[2012]: There was backlash, he backpedalled pretty quickly, but now it still gets lobbed by sub-factions of the fandom at one another. I think it might have hurt fandom's perception in the eyes of the general public a bit. They were always a wacky group, but they were kinda just dismissed with a roll of the eyes. Having one of the stars go off so publicly kinda gave the haters a bit of ammunition to go after any type of fan. It might have also strengthened as a bit as we took the criticism at face value and maybe admitted some of us were a little goofy, but we still remain dedicated to our hobby. [13]

External Sources

  • ^ from Textual Poachers
  • ^ from Electronic Male (newsletter) #4 (December 1990)
  • ^ from a 1999 review of the book Get a Life!
  • ^ Star Trek Prop, Costume & Auction Authority , posted May 10, 2009 (this includes a link to both the 2009 skit, as well as the 1986 skit)
  • ^ from Anne B in Interstat #112 (February 1987)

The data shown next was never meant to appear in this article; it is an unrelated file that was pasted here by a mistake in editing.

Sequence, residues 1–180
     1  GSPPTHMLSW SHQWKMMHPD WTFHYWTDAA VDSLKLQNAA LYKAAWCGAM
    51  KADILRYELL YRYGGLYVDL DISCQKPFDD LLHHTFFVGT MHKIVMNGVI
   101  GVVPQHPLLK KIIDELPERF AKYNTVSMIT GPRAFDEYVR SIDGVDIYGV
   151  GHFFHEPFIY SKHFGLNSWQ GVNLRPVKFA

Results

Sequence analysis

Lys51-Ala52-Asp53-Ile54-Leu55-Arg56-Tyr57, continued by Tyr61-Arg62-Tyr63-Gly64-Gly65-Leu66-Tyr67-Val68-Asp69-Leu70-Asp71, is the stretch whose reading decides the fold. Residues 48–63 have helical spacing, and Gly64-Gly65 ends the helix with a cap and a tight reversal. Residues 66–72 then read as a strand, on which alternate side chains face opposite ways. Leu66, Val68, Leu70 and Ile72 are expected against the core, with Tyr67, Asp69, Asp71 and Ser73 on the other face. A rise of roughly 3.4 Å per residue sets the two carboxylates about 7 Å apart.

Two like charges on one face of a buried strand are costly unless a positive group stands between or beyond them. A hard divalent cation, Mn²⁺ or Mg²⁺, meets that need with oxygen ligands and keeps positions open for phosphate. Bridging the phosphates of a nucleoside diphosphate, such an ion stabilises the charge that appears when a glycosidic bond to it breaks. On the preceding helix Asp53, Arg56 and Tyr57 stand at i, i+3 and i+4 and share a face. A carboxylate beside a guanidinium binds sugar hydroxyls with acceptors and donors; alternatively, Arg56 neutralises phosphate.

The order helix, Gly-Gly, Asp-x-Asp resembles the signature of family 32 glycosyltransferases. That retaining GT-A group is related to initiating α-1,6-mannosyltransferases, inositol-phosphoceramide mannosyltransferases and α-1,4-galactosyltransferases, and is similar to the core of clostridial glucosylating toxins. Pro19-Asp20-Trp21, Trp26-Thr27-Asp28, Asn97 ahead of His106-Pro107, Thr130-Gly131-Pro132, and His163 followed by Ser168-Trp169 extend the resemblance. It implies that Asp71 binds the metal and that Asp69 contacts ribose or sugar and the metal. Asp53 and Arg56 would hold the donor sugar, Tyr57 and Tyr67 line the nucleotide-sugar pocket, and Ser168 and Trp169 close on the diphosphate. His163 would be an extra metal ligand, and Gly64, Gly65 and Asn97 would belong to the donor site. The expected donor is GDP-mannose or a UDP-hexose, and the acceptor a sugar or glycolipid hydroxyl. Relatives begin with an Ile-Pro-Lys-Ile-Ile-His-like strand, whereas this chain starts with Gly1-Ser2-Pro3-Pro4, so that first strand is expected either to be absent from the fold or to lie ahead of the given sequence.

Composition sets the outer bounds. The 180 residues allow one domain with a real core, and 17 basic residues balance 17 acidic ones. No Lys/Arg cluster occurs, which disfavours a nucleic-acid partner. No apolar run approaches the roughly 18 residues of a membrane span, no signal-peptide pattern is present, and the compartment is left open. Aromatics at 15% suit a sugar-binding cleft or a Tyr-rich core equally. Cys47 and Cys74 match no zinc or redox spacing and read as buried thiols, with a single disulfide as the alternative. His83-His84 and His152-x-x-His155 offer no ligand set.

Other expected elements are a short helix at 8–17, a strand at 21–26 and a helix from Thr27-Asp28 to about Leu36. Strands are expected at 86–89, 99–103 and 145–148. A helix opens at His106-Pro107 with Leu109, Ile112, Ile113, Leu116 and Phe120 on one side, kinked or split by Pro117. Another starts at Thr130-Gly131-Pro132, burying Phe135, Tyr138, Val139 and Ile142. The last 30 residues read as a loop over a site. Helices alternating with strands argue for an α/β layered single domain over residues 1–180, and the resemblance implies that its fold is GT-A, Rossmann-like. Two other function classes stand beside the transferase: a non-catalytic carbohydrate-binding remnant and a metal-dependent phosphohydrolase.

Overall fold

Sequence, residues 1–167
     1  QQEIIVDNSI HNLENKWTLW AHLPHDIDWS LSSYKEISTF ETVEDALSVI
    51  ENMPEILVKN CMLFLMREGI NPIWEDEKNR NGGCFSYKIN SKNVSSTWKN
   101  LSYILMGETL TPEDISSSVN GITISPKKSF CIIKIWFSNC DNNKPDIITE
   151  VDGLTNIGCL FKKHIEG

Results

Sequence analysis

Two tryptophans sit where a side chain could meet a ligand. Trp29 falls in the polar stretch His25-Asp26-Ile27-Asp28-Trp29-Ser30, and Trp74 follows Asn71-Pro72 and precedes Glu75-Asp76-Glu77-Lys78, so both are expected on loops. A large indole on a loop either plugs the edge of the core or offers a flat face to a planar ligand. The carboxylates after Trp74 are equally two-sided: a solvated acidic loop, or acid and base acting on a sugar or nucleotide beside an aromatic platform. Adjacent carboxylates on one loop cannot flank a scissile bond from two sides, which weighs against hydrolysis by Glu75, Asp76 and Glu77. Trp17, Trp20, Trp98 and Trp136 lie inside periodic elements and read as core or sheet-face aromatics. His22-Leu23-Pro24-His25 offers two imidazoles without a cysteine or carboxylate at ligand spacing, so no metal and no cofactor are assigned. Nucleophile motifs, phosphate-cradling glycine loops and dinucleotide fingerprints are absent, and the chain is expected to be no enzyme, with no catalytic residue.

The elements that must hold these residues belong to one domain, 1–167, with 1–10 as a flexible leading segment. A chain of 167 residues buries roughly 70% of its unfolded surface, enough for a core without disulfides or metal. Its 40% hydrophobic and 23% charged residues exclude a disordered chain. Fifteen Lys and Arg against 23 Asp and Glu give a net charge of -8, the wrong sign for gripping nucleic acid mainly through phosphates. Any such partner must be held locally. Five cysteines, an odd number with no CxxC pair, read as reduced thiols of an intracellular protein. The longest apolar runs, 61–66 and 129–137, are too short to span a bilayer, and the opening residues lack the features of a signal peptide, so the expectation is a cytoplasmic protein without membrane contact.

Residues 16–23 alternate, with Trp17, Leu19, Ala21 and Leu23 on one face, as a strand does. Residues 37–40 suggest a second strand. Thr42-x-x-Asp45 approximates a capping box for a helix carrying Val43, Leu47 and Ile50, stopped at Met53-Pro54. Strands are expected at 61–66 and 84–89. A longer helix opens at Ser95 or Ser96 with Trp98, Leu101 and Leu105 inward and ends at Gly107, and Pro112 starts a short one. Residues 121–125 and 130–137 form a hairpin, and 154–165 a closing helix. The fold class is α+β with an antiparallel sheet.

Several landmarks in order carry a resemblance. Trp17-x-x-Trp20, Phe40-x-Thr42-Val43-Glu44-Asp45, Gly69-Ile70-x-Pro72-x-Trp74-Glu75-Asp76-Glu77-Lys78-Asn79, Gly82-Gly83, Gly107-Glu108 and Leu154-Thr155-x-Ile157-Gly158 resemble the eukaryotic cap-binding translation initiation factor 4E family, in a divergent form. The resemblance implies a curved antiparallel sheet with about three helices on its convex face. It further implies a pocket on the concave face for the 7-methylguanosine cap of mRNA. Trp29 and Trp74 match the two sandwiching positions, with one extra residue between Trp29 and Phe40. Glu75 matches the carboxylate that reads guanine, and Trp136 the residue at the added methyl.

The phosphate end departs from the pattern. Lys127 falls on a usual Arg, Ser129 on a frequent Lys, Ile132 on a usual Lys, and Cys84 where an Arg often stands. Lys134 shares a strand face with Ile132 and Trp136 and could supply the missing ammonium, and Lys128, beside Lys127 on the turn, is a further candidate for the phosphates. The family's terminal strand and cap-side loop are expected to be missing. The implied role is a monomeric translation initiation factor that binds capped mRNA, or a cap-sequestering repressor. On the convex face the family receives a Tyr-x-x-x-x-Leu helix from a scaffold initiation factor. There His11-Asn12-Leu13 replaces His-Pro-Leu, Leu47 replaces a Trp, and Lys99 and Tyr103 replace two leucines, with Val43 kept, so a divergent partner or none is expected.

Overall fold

• ^ from Marcia G. W in Interstat #113 (March 1987)
  • ^ from Shirley J. F in Interstat #116 (June 1987)
  • ^ from Jayne K in Interstat #134 (December 1988)
  • ^ comments by Harriet Cooper in the essay "Thanks a lot, Bill!" printed in Almost Anything Goes #3
  • ^ from Charles T. Jr in Interstat #145 (November 1989)
  • ^ from Interstat #135
  • ^ Martin Eade in Constellation #144
  • ^ Reddit, permalink , comment by pinkiepieismycopilot
  • Perspectives on Fans
  • Star Trek TOS Professional Works

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Get a Life!

What a ‘Saturday Night Live’ sketch from 1986 can teach us about the ongoing battle between superfans and the people behind the TV and movie franchises that they love